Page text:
Before they are skinned, animals are yanked from their cages, thrown to the ground, and bludgeoned. Undercover investigators from Swiss Animal Protection/EAST International found that many animals are still alive and struggling desperately when workers flip them onto their backs or hang them up by their legs or tails to skin them. When they begin to cut the skin and fur from an animal’s leg, the free limbs kick and writhe. Workers stomp on the necks and heads of animals who struggle too hard to allow a clean cut.
When the fur is finally peeled off over the animals’ heads, their hairless, bloody bodies are thrown onto a pile of those who have gone before them. Some are still alive, breathing in ragged gasps and blinking slowly. Some of the animals’ hearts are still beating five to 10 minutes after they are skinned.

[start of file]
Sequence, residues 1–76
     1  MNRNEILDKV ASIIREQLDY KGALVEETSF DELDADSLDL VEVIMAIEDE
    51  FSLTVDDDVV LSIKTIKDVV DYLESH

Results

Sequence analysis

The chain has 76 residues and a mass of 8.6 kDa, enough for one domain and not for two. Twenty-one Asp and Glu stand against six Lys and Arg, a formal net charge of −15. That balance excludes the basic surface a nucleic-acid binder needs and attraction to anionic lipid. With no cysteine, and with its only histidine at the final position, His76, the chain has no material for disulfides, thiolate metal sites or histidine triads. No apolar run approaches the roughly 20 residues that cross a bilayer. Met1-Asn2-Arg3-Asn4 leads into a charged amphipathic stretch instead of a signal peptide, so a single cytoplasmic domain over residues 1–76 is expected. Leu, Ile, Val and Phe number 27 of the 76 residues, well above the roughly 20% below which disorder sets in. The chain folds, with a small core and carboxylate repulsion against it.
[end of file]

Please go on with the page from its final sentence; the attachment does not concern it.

This fur from China is often deliberately mislabeled as fur from other species and is exported to countries throughout the world to be sold to unsuspecting customers in retail stores. Since China supplies more than half of the finished fur garments imported for sale in the United States and since dog and cat fur is often mislabeled, if you’re buying fur, there’s no way to tell whose skin you’re wearing, including that of a dog or cat.